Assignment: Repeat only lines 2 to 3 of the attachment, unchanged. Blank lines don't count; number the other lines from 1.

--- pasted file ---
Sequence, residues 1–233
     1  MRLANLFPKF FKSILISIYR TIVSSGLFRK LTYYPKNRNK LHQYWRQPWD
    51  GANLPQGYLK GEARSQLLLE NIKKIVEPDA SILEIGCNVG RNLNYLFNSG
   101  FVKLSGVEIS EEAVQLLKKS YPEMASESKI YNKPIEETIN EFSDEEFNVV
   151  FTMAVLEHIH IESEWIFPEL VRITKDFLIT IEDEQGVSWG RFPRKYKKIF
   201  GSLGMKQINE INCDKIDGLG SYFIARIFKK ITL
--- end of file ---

     1  MRLANLFPKF FKSILISIYR TIVSSGLFRK LTYYPKNRNK LHQYWRQPWD
    51  GANLPQGYLK GEARSQLLLE NIKKIVEPDA SILEIGCNVG RNLNYLFNSG